Chiles en Nogada
Servings: 6 to 8 peppers
The name comes from the Spanish word for the Walnut tree- Nogal
This dish traditionally is served at room temperature with cold cream walnut sauce, a “sweet spicy” pepper filled with meat, fruit, nuts, simply a delicious dish that is hard to find in restaurants due to the time it takes to prepare and the wide selection of ingredients, but if you like to venture into making this dish at home, you will fall in love and you will agree with me that it is worth all the time and effort invested to make these amazing Mexican stuffed peppers.
8-6 very large (about 2 pounds) fresh Poblano chiles
1 pound ground pork shoulder
1 pound of ground beef
4 large garlic cloves, peeled and finely chopped
1 small white onion, diced
1 ½ cup of tomato sauce
3 1/2 tablespoons vegetable oil
2 generous tablespoons raisins
2 generous tablespoons dried mango
1 cup of candied Biznaga cactus or Citron, cut into 1/4inch dice
1 small pear, peeled, cored and cut into 1/4inch dice
1 small Jonathan or McIntosh apple, peeled, cored and cut into 1/4 inch dice
2 medium fresh peaches (or extra pears or apples), peeled, pitted and cut into 1/4inch dice 1 ripe, medium small tomato, seeded and roughly chopped
1 teaspoon dried marjoram
1/2 teaspoon dried thyme
1/2 teaspoon cinnamon, preferable freshly ground Mexican canela
Salt, about 1 generous teaspoon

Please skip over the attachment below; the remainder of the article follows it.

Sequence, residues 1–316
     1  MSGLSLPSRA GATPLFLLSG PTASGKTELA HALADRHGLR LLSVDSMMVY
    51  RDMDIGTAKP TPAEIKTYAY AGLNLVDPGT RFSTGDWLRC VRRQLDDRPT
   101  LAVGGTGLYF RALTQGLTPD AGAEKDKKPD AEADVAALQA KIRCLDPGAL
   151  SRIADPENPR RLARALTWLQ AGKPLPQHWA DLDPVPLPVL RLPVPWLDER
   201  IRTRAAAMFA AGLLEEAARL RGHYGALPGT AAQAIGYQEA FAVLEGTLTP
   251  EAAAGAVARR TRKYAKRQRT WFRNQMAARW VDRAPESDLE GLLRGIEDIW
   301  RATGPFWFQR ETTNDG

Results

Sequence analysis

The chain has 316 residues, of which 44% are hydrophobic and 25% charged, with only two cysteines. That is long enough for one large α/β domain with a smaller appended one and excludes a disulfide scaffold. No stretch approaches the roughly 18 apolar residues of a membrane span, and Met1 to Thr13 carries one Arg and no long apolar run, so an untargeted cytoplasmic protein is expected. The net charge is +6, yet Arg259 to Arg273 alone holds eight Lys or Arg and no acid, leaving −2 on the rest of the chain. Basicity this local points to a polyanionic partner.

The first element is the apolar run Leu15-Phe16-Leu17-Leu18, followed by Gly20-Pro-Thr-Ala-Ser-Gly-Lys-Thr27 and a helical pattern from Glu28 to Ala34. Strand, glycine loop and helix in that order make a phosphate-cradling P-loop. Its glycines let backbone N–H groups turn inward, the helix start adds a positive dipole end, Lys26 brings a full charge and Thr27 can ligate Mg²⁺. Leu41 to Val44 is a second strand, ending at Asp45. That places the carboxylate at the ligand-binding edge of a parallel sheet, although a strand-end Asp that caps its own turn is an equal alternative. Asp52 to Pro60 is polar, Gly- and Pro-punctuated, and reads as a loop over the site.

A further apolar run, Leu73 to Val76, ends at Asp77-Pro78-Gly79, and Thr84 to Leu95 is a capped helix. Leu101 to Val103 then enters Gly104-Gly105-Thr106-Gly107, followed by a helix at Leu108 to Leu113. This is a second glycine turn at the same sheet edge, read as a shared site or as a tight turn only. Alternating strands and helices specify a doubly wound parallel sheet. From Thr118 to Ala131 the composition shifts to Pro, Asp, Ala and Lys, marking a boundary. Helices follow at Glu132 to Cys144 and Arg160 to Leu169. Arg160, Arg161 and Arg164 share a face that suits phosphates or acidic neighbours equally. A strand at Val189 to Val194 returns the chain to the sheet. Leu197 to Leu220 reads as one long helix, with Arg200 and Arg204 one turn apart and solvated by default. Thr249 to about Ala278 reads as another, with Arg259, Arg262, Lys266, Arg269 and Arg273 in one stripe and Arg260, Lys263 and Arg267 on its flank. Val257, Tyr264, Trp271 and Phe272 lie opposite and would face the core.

1/3 cup (about 1 3/4 ounces) slivered blanched almonds
1 ripe, mediumsize plantain, peeled and cut into 1/4inch dice
1½ cup of walnuts
1 to 1 1/2 cups milk
1 slice firm white bread, crusts removed
1 tablespoon sugar
Salt, about 1/4 generous teaspoon
1 teaspoon dry sherry
1/4 teaspoon ground cinnamon, preferable freshly ground Mexican Canela
1/2 cup heavy (whipping) cream or Mexican Crema
8 sprigs flat leaf parsley
Cook and shred the meat.
Place oil in a pan and bring it to a medium heat, add ½ of the onion and garlic and cook to a translucent stage. Follow with the beef and pork, add salt and cook until is done, about 12 minutes, turn off and set to the side.
Roast the chiles. The open flame method: Place chiles directly over the gas flame or on a medium hot charcoal or gas grill. Roast, turning occasionally, until blistered and blackened on all sides but not soft, about 5 minutes. The broiler method: Lay chiles on a baking sheet set about 4 inches below a preheated broiler. Roast, turning occasionally until blistered and blackened on all sides but not soft, about 10 minutes. Peel the charred skin off the chiles and rinse them if necessary. Make a long slit in the side of each chile and carefully remove the seeds and veins.
Before you start cooking, complete all the initial peeling, coring, chopping and so forth of the stuffing ingredients (a little oxidizing of the apples and pears won’t spoil the appearance of the dish.)
Heat 1 1/2 tablespoons of the oil in a very large (12 inch) skillet over medium high. When quite hot, add the remaining half of the onion and meat in a thin layer and cook, stirring frequently, until the mixture is lightly browned, 8 to 10 minutes. Drain off any excess fat. Add the tomato sauce and let it simmer for few minutes.